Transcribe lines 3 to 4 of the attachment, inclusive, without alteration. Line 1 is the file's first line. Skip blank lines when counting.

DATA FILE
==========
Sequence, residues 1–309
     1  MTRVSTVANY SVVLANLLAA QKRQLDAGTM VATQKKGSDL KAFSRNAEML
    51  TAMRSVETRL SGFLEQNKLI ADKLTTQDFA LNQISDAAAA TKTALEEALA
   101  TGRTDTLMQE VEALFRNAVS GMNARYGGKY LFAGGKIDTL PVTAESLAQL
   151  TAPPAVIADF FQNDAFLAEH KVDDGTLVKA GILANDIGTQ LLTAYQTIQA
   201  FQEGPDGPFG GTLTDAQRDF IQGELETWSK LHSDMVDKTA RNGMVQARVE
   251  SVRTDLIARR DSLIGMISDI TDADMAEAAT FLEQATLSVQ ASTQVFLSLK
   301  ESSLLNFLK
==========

    51  TAMRSVETRL SGFLEQNKLI ADKLTTQDFA LNQISDAAAA TKTALEEALA
   101  TGRTDTLMQE VEALFRNAVS GMNARYGGKY LFAGGKIDTL PVTAESLAQL